The only exception was when stood 1m from the router. On occasion, it would move from channel 44 to 100 and use 160MHz to boost speed to 1161Mbps. The 920Mbps figure is the average from all tests. Note that you cannot enable or force the Hydra Pro 6 to use 160MHz all the time.
|Wi-Fi 6 test (Pixel 6)||Virgin Media Super Hub 3||Linksys Hydra Pro 6|
|1m||674Mbps||920Mbps (1161Mbps max)|
|5m with a wall||392Mbps||695Mbps|
|Upstairs, near the rear of the house||28Mbps||25Mbps|
Regardless of speeds actually achieved, the Hydra Pro 6’s range is surprisingly good considering it’s a solo device. It was able to deliver 5GHz coverage in areas of my home where I often struggle to get a useable connection on either radio band.
While it’s not really capable of delivering useable whole-home coverage in my two-up, two-down terraces home in South London, it’s not intended to, so it’s not really fair to mark it down for that. And, naturally, in larger homes, you’ll want to consider mesh Wi-Fi to get a fast connection throughout.
If you wanted to use the Hydra’s mesh capabilities, you will need to invest in a separate Linksys Velop node, perhaps something like the Velop MX5300 or Velop MX4200.
Of course, if you are considering mesh Wi-Fi, don’t forget that you can use them with your existing router. And as they connect to your router via Ethernet, as long as it has gigabit Ethernet ports, there’s no reason to upgrade it. The main advantage of the Hydra Pro 6 is that it becomes a node, meaning you might require a 2-pack Velop system rather than a 3-pack. However, the overall cost isn’t much different than keeping your old router and buying a Velop 3-pack.
It then becomes about whether you value the ability to manage your home network through Linksys’ app which is probably better than your older ISP-supplied router.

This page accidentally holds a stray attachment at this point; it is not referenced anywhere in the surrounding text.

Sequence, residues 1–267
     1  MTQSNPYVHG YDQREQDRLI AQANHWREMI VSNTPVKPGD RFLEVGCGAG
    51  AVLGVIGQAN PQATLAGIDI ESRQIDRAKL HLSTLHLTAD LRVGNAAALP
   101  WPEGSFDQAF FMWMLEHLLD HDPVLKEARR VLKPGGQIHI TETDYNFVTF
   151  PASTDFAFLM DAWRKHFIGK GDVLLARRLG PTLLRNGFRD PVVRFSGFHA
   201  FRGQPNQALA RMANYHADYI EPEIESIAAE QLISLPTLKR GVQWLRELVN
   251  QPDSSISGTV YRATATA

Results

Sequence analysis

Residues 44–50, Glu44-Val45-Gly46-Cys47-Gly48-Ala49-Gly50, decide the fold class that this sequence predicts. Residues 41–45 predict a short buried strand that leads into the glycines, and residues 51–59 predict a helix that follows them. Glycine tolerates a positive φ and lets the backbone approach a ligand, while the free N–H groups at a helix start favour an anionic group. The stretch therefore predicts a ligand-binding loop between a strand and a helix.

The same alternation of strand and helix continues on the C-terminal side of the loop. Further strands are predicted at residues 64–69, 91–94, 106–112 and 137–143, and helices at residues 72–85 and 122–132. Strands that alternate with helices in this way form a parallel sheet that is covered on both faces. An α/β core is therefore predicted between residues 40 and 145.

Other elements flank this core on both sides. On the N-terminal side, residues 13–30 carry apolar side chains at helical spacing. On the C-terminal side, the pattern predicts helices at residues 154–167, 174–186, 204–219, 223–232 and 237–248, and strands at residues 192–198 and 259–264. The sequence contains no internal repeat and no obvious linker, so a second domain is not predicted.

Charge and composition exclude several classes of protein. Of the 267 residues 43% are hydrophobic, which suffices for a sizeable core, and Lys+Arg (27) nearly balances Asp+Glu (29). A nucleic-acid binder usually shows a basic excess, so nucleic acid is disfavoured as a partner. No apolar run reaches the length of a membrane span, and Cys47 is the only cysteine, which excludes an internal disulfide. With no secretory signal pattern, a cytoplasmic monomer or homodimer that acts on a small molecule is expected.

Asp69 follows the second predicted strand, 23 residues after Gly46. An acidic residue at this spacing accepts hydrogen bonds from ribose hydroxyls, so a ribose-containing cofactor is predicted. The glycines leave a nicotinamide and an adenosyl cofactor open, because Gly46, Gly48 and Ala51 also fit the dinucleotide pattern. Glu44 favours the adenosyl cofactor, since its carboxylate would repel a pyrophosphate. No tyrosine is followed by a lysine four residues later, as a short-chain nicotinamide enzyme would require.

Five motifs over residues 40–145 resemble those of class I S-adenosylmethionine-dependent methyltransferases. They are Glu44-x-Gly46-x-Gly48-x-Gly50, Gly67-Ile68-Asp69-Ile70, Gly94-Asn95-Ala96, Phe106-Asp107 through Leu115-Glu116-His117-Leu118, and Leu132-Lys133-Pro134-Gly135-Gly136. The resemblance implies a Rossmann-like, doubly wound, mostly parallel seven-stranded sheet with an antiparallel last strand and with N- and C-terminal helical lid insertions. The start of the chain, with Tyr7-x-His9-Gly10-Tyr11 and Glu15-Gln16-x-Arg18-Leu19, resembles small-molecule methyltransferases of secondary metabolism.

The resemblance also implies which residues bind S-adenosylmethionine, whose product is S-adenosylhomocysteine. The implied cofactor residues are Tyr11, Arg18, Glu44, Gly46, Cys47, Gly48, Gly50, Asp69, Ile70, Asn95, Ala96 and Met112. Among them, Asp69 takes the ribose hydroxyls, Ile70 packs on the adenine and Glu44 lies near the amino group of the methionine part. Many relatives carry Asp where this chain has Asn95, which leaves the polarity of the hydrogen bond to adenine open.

The Velop, though, isn’t the only mesh Wi-Fi system. Something like the Amazon Eero 6, or the Netgear Nighthawk Mesh Wi-Fi 6 system might be better suited to your needs, although these devices don’t give you much in the way of Ethernet ports.
There are cheaper options if you don’t need such fast speeds. And, arguably, if you have relatively slow broadband (under 100Mbps, say) then a pricey Wi-Fi 6 mesh system is probably overkill. For recommendations, see our separate roundup of the best mesh Wi-Fi systems.
Price & availability
The Linksys Hydra Pro 6 is available to buy now, for around £180 in the UK. Oddly, it’s much more expensive – $300 – in the United States.
Linksys has a web page for the Hydra Pro 6 on its UK site, but you can’t but it from the company directly.
You can buy a Hydra Pro 6 directly from Linksys in the US, where it’s normally priced at US$299.99, but was – when we reviewed the router in May 2022 – on sale for $249.99.
Best Buy also sells the Hydra Pro 6 for $249.99, but Amazon, Target, and other retailers didn’t stock the router.
As far as we know, it is not available in Australia.
The Linksys Hydra Pro 6 offers good performance, has a lot of useful features and represents good value for money.
The option to expand your home network’s coverage using Linksys Velop mesh Wi-Fi units might appeal to some, especially those that can’t afford the upfront cost of such a system right now.
However, there are plenty of affordable mesh systems that can replace your existing router’s Wi-Fi for not much more money than the Hydra Pro 6, and they are a better choice if your priority is huge Wi-Fi coverage but not outright speed.
Linksys Hydra Pro 6: Specs
- 802.11ax (Wi-Fi 6) 2×4 dual-band
- MU-MIMO & OFDMA
- 4 x gigabit Ethernet LAN ports
- USB 3.0
- Remote control and management with the Linksys app (iOS, Android)
- Guest Wi-Fi
- Parental controls
- Wi-Fi management
- Traffic management
- WPA 2/3 hybrid
- Parental Controls